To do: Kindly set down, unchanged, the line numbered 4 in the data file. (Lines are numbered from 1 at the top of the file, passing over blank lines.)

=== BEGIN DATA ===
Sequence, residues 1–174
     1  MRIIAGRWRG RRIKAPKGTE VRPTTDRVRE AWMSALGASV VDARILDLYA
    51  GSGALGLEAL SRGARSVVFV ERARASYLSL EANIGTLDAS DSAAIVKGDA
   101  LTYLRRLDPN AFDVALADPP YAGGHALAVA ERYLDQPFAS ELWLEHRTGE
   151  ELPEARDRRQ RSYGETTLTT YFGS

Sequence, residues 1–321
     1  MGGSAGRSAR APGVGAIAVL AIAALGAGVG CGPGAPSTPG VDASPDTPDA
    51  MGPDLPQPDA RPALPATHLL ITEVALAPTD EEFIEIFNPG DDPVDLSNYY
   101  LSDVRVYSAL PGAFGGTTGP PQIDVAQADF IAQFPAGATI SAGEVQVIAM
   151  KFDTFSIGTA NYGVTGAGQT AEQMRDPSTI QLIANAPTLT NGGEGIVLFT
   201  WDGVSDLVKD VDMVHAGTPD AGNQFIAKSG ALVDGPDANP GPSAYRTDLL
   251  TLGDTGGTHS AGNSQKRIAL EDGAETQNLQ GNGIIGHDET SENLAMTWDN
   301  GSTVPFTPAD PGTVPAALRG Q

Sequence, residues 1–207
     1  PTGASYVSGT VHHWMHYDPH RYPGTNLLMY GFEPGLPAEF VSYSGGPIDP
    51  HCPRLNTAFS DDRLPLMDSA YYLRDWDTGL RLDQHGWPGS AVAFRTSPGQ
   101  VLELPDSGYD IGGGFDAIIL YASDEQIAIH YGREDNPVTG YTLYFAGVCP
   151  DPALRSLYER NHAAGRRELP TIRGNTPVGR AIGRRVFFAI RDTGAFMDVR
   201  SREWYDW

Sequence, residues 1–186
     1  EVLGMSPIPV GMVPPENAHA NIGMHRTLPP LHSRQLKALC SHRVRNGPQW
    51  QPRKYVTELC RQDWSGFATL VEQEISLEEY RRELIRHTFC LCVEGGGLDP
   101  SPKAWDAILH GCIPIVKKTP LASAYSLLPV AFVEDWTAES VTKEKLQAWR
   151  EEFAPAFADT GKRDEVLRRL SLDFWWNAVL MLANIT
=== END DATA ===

   101  LTYLRRLDPN AFDVALADPP YAGGHALAVA ERYLDQPFAS ELWLEHRTGE